Clear questions and runnable code
get the best and fastest answer
MySQL and Perl for the Webby kwoff (Friar)
|on Nov 04, 2001 at 05:14 UTC||Need Help??|
Item Description: A book on using MySQL and Perl for the Web
MySQL and Perl for the Web is the second MySQL-related book by Paul DuBois, who is a contributor to the MySQL documentation. I thought his first MySQL book a couple years ago was outstanding; naturally then, being a web developer myself, I was excited when I found this book on the shelves. If you're new to making web-based database interfaces, or even if -- like me -- you're looking for ideas on how to automate database-driven HTML forms, then this book is a good investment.
Audience: novice- to intermediate-level web developers, though there are some cool tricks even for advanced developers
Okay, I admit, after the initial pavlovian drooling, my next thoughts were along the lines of "isn't this just a book on how to create Perl CGI scripts, and am I not tired of making CGI scripts, so why am I looking at this book?" Well, for one thing, there's only one mod_perl book, the Eagle book, and I've read that, and it's getting old anyway, so if I wanted to get away from these tedious CGI scripts, yet still spend the money burning in my pocket while I was at the bookstore, then my alternative was to get a book on Java servlets (actually I did, but that's another story :). On closer inspection, however, this actually is a book on mod_perl -- or, at least on Apache::Registry scripts, which are CGI scripts stuffed into a mod_perl subroutine.
The first few chapters of the book are for newbies. Of course. Chapter 1 is a high-level background chapter, basically saying "this class covers MySQL and Perl, is everyone in the right classroom? Bueller?". Chapter 2 gets the newbie up and running with MySQL and Apache. This chapter includes test CGI scripts that access MySQL to verify that the installation is working, and it gives tips along the way on what might go wrong. Chapter 2 also introduces WebDB.pm (see "Companion website" below), which is a DBI.pm wrapper library developed as the book progresses, and is one of the most useful things to come from the book if you ask me.
Chapter 3 spanks you for using CGI scripts instead of Apache::Registry. Steempy, you eediot!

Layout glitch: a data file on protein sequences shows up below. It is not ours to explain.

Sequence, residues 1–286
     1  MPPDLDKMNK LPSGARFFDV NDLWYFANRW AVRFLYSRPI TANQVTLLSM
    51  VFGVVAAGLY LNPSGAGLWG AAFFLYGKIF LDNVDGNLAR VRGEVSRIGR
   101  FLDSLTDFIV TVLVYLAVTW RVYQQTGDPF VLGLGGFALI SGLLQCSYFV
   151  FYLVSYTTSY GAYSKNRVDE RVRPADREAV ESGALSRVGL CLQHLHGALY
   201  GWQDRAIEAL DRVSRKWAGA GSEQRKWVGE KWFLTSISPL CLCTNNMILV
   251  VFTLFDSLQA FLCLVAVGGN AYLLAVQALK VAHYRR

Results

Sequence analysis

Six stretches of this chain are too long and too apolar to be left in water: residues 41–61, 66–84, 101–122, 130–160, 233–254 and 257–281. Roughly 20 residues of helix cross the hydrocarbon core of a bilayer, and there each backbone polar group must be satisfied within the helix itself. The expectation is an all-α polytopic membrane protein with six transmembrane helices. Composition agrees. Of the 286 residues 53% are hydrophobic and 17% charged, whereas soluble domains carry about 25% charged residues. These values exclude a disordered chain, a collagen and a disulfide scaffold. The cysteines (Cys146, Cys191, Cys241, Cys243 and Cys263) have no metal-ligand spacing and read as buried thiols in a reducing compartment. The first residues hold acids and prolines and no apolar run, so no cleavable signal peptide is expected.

Chapter 4 introduces techniques for using CGI.pm to process HTML forms. Chapter 5 then illustrates those techniques with several example applications: product registration, email, a contest, a poll, storing/retrieving images, and greeting cards. Those are pretty typical applications that you're likely to run into as a web backend developer.
As I mentioned above, I'm getting tired of writing variations of the same form-handling CGI scripts, so I found chapter 6 to be glorious (*sound of organs and harps, choir singing hallelujah*). In this chapter, you take it to the next level and use meta-data -- that is, information about the database as opposed to information in the database -- to automatically generate simple tables and to do some verification of form input. Okay, let's be real, this isn't a panacea. However, although it's not going to work in all cases, it's certainly a start, and it'll give you ideas to implement yourself. In fact, I used WebDB.pm with HTML::Mason to make create automatic tools for lusers to administrate simple database tables (no references to other databases) using web interfaces (basically that's my job description).
Moving right along, chapter 7 is 60 pages of how to do web searches. Odd finding that in a book called "MySQL and Perl for the Web". </sarcasm>
Chapter 8, on session management, was actually one of the reasons I bought the book, as I was trying to figure out how to use Apache::Session with HTML::Mason at that time. After reading this book, I got it working! (Come on, I would've got it anyway.) There's even a WebDB::Session.pm wrapper to make life even simpler.
Chapter 9 is on security issues. It even explains how to build and configure Apache for SSL support. If you've ever tried that on your own, you'll appreciate this explanation. And finally, right after the chapter on security, comes chapter 10 on e-commerce.
In conclusion, I really found this book useful and would recommend it to aspiring and experienced web developers alike.